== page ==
I gripped the rope in my left hand, staring up at the mast. I could feel the rough fiber tugging in the breeze and my stomach quivered in kind. I had only dared the climb once before, but had been so useless no one bothered to ask me again. But I felt a kind of challenge in that failure, and every once in a while considered trying again.
“Oy, get out the way there, Robin, lad! At least help if your hands are idle!”
I winced. I hated being called “lad,” just as I had once hated being addressed as “lass” or “lady.” Robin wasn’t even my real name. The crewman started calling me that after they heard me singing quietly to myself one muggy night. The name didn’t bother me so much as the fact the false identity I had laboured over in order to secure a position on this vessel was now useless.
I turned and began helping load the new stores. Winston and Rawley always asked why I never wanted to go ashore at every new port, but I preferred the relative safety of the ship. I knew the crew there, and there was a significantly higher chance of being spotted in the busy cities we visited. I knew I was already taking a risk being on the ship in the first place, but by now the men recognized me, and didn’t think to look any closer.
The ship was called the Chrysanthemum, a word I wouldn’t be able to spell if my life depended on it. I could barely pronounce it. Most men just called her Mum, which was a kind of a joke of itself. But the captain was a strange man with an affinity for flowers. Although he kept the ship in good order and the men well-paid, we all were curious where he found the extra coin to buy bouquets at every port.
I had been in his quarter’s only once, and the sweet and heady scent of both fresh and wilted blooms made me feel sick. I imagined that room to be like the wild jungles filled with ferocious animals and secretive peoples the crew had seen, or claimed they had. But the flowers found their way around the whole of the ship. The men would plait them into one another’s hair, teasing and flirting, but most of the blossoms ended up hanging in bunches to dry in the galley where I worked. I couldn’t imagine the use for them, although I admit at times I enjoyed watching the dry petals drift lazily down around our heads, the cook and I.
The cook was a large, silent man named Lukas. Whether he didn’t speak because he chose not to, or because the rumors were true that his tongue had been cut out, I didn’t mind the silence. I took refuge in the dark galley, scaling fish and softening hardtack, and felt a comfortable and completely unfounded sense of companionship with the giant culinarian.
I was reminded of my current responsibility as the sun flashed against the silver buckle of a bag being hauled aboard. I raised my hand to shield my eyes and noticed one of the passengers staring directly at me.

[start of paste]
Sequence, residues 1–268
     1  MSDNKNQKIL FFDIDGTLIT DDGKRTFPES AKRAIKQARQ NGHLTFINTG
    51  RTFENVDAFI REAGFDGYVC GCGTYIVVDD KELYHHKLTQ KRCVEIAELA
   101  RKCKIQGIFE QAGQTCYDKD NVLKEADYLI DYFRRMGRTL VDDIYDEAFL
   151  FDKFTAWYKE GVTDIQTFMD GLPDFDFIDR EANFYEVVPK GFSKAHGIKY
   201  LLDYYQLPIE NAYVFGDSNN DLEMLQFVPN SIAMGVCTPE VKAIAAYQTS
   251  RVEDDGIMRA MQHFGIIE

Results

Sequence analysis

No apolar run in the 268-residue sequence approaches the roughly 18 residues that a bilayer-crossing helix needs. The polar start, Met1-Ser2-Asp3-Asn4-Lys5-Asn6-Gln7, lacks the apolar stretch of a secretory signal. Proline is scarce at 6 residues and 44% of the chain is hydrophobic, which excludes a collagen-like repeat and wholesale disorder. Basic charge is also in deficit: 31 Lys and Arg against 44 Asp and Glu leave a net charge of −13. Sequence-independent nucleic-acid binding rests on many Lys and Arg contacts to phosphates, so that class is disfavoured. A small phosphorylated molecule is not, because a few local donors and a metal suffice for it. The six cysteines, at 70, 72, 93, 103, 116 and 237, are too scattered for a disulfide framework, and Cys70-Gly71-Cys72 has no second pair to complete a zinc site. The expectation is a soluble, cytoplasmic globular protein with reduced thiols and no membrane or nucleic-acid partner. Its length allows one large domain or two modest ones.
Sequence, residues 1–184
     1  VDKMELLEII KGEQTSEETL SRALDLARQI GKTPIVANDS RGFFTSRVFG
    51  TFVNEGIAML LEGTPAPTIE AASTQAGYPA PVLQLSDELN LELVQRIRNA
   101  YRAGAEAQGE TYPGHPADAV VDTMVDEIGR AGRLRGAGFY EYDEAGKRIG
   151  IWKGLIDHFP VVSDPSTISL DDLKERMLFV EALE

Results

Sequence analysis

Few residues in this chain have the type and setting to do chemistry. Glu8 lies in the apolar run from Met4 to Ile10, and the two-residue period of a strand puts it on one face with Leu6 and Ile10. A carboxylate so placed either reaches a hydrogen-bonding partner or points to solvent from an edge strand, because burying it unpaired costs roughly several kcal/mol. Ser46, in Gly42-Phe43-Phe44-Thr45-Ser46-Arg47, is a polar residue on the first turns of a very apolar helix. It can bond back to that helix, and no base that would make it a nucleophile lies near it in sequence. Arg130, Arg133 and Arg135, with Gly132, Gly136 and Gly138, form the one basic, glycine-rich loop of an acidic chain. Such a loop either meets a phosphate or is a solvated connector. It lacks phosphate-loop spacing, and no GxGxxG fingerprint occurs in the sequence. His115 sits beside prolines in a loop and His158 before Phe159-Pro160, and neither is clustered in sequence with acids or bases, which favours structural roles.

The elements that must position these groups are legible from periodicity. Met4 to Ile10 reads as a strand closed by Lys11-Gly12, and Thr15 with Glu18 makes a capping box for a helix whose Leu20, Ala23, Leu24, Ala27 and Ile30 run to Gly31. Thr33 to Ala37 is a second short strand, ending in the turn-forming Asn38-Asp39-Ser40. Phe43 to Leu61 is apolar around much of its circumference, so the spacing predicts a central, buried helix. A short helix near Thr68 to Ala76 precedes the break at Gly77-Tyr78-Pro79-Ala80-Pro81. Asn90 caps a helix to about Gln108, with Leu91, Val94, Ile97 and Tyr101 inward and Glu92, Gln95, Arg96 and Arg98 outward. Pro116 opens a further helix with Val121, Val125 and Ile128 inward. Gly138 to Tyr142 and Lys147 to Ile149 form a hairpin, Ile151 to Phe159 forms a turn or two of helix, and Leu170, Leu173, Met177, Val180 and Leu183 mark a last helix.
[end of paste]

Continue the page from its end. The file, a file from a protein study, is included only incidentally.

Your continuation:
She was not tall, but held herself very erect. Her large nose had an attractive arch. Her auburn hair could be seen spilling from her bonnet, and her dress was a handsome dark green that seemed to compliment her rather broad shoulders. She was standing at the top of the ramp, watching me with an intense curiosity that for some reason made me blush. I turned away, eager to finish the load and get back belowdecks, but it seemed as though I could feel the woman’s gaze upon my back.
A rough nudge made me lose my balance, and I gripped the bag I carried more tightly.
“Looks like this lot’s a might easier on the eyes than the last one, eh, Rob?”
Percy sneered and tried to trip me, but I steadied myself around his outstretched foot.
“They’re not here for you to gawk at, Percy,” I mumbled, and he laughed.
“What else for, then? It’s not like they’re going to be any help.”
He put on his most wicked smile and crossed his arms. “A bit like you, wouldn’t you say?”
I ignored him and pushed my way past, and for once he didn’t follow. He was a weevil in the flour of the crew, he and Scratch, the one man who tolerated him. I wasn’t quite sure why he was kept on, as the crew didn’t seem to have much love for him either. I had heard once that he was a distant relation to the captain, and that it was only this association that kept him aboard. He certainly didn’t seem like he would find a place on another crew. But this crew, the mean of the Mum, they were good men, from what I understood of my limited experience in life. And, while I could not say what compelled it, they seemed to have developed a fondness for me, and I for them. It was the only thing keeping me alive, and I did not dare disrupt it.
**To be continued**